The “see Pokémon around you in the real world” gimmick of the game was an interesting hook at first, but it’s been far less relevant to the game’s medium- to long-term success than its utilisation of map and GPS data, which could have been accomplished without doing any visual AR stuff at all. Many Pokémon Go players — probably most, though I guess only Niantic knows for sure — actually turn off the AR function in the game, not least because it’s pretty bad for your phone’s battery life. The real benefit of AR for Pokémon Go lay in creating viral marketing at the outset, as players shared screenshots of Pokémon in various real-world locations; from a gameplay perspective, most of what it does could be accomplished without any visual AR aspects at all.
One might reasonably argue that what Pokémon Go and other games like it do with map and GPS data is also AR of sorts — that the “overlaying digital data onto reality” aspects of AR don’t necessarily have to involve putting visual overlays onto screens or glasses, but can be something more abstract, like turning real-world locations into Pokéstops. For the most part, though, when we talk about AR we’re talking about visual overlays — and that’s an area where, so far, there’s no hardware product that does a particularly good job, and no game software that’s even really begun to tackle the challenges and opportunities of this as-yet poorly defined medium.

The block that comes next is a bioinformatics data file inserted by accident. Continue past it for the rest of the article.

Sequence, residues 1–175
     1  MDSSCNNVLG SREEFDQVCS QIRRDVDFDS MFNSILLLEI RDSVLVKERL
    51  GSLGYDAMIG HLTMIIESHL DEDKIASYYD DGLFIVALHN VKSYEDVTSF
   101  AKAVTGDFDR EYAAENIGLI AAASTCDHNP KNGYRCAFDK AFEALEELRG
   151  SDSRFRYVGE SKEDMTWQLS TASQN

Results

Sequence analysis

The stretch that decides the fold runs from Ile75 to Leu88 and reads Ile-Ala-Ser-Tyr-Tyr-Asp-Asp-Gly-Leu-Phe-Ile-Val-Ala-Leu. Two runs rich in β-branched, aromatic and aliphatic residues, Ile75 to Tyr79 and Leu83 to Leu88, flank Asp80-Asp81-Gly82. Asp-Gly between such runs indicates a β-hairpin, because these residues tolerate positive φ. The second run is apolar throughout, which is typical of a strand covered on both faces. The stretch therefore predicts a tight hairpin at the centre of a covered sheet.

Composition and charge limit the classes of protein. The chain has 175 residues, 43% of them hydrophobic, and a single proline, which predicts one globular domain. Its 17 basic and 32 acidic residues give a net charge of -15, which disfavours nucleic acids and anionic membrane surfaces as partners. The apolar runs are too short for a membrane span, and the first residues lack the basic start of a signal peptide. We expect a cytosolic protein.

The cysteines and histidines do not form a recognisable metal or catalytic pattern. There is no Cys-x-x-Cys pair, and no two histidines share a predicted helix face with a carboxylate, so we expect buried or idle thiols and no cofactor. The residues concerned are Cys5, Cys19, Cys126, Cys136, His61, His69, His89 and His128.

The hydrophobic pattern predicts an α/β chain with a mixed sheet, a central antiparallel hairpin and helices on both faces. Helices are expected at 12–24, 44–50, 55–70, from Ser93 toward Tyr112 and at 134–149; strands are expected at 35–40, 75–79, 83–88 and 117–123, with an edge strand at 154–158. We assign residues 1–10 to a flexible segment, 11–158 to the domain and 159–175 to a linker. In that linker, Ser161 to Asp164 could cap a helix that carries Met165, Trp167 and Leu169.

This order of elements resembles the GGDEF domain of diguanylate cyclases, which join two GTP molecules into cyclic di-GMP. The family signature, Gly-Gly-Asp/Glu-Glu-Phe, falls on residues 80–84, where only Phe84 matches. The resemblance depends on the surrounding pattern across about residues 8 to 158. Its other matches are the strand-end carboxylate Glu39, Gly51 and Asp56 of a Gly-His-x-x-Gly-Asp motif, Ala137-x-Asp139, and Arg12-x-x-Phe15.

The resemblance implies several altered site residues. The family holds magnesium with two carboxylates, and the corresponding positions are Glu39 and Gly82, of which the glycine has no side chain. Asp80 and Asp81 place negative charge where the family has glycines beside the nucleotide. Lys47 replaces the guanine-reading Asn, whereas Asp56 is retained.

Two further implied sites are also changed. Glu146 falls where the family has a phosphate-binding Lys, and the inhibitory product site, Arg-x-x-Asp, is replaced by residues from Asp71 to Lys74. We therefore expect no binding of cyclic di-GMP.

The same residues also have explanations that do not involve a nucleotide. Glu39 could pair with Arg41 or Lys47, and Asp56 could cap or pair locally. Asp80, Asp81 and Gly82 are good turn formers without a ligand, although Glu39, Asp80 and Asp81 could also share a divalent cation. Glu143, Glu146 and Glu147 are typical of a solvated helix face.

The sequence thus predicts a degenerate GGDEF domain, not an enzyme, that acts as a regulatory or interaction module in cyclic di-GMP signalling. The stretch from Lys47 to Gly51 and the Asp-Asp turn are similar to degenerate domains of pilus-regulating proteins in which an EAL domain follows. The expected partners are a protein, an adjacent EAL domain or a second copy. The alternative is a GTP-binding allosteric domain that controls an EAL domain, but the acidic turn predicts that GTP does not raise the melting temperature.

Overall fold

AR will be a transformational technology, and games will be part of that — but the timeline for its success will be longer than most people assume, and the hurdles that need to be surmounted will be higher, too. It’s great that companies like Niantic are already thinking about and working on those challenges — and I hope plenty of other companies in the industry have their eye closely on where this sector is going, because god knows enough major firms missed the smartphone train entirely and ended up spending billions on acquisitions to try to catch up later.
But the failure of Magic Leap and the pivots to industrial usage of Glass and Hololens should serve as a sobering note. We’re likely to have quite a few years of AR hype before this becomes a remotely realistic mass-market platform.